Thursday, May 26, 2011

The Majesty of Brokenness


Parshat Bamidbar
38th Day of the Omer
22 Iyyar, 5771
May 26th, 2011

God knows our yetzers (urges), and remembers that we are dust
Psalm 103:14

A man pulled up next to me on Westwood, and gestured that I should roll down my window. Then he started yelling.
            It’s the reason he started yelling that prompts this retelling. I had not cut him off, nor had I blocked his way, or done anything having to do with traffic. Rather, his anger was prompted by a political bumper sticker on my car (a fairly parve one, at that).
            Almost every day, during Shaharit, the guys at the Minyan and I pray the words above. They are meant to remind us of our frailty, our overwhelming tendency to give in to our temptations and inclinations, and the fact that so much of what we want is prompted by our basest instincts.
            These words are also some of the most life-giving I know.
            Pirkei Avot teaches that what defines a hero is conquering of one’s urges, and this is true. Restraint is heroic because our yetzer never tires of convincing us that it is in fact warranted, that it is justified. Anger’s genius is its success at explaining why other people deserve ours. Be it politics, or family issues, or perceived slights, or work disagreements – more of us are like the Westwood yeller than we might admit. The yetzer hara is an implacable foe.
            Salvation lies in the consciousness that our urges are both flawed and fleeting. We are more than our impulses. Beyond the acceptance of brokenness lies majesty.

Wednesday, May 11, 2011

The Beaver

Parshat Behar
23rd day of the Omer
7 Iyyar, 5771
May 11th, 2011

I’m likely about to make the least significant principled stand of my career. I have tried to resist for months, but a man does not always defeat his yetzer hara and pique has taken over my soul.  I ask for Jodie Foster’s forgiveness ahead of time.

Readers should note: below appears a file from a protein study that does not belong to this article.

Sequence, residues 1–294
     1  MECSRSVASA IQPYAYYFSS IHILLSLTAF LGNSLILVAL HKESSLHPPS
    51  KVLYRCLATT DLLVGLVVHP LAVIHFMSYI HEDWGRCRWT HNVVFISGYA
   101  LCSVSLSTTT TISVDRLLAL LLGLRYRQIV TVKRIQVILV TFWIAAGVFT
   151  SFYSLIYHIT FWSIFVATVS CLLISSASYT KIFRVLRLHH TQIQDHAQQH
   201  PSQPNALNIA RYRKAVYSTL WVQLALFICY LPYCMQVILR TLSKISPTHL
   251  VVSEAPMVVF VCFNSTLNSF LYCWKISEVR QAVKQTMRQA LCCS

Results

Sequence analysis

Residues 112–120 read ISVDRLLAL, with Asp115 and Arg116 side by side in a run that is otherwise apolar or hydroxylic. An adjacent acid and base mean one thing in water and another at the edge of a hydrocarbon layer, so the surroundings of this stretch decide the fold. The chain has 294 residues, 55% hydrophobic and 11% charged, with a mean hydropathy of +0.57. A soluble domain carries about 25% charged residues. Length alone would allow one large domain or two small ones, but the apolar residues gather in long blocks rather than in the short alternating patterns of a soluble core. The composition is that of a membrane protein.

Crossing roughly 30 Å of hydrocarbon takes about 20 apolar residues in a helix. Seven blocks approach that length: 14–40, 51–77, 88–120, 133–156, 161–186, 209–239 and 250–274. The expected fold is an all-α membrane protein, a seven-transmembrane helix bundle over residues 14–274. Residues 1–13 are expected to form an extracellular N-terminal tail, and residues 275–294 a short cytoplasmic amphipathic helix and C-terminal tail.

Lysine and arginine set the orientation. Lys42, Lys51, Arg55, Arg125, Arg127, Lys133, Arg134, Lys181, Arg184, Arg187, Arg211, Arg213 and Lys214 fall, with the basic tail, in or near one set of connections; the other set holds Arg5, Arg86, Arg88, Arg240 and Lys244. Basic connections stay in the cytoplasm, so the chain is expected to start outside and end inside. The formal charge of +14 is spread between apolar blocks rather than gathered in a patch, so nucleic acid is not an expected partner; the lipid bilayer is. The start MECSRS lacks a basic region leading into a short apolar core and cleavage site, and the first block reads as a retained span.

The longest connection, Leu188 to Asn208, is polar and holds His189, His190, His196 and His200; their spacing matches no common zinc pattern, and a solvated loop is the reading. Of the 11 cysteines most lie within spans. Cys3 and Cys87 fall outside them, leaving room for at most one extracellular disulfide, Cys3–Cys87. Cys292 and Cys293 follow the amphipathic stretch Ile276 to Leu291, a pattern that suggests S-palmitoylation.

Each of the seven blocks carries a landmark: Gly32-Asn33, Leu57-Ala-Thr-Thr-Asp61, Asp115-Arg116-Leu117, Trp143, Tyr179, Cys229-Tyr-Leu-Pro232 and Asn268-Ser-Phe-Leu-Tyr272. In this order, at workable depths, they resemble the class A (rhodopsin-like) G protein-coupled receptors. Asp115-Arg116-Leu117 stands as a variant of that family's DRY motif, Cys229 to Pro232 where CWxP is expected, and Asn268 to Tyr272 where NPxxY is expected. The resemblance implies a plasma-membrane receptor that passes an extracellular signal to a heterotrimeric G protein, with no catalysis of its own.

Please boycott The Beaver.

Our Rabbis thought incessantly about public space. They knew that the realm of publicity changes the laws of psychology. The reactions of an individual and those of group are quite different, and it matters not how crazy, baseless, or offensive behavior is - if it survives long enough in the public eye, it will have carved out a perverse longevity for itself. There is a tenacity to public evils, when given enough of our shared attention.

For this reason people who have made bad names for themselves cannot serve, say, as representatives of the community to God during prayer. (Shulhan Arukh, Orekh Hayyim 53). The Sages knew that the best way to destroy notoriety is to kill the attention that feeds it.
Now, I have no special expectation of the rectitude of celebrities -- I was, after all, raised in Los Angeles -- but just how far does a person have to fall before his career is a non-starter? Anti-Semitism, racism, domestic abuse -- are there any shoes left to drop?

I realize that by writing these words I work against my own purposes. So don’t boycott the Beaver, just don’t see it. Don’t talk about it; don’t discuss it; don’t review it; deal with it in the only manner effective in our sadly corporatized society: let it die the ignominious death of the box office flop.

In fact, I refuse to let my words add to his notoriety one whit -- this Torah will self-destruct in 30 seconds.

Wednesday, May 4, 2011


Parshat Emor
16th Day of the Omer
30 Nisan, 5771
May 4th, 2011

     Of the unbelievable volume of e-articles, blog posts, and facebook status updates in response to the killing of Osama bin Laden, there is one argument - almost an obsession - that stands above all the rest: how should we feel about his death? Is it appropriate to be happy that he is dead? Does celebration somehow mar our dignity or give in to baser impulses?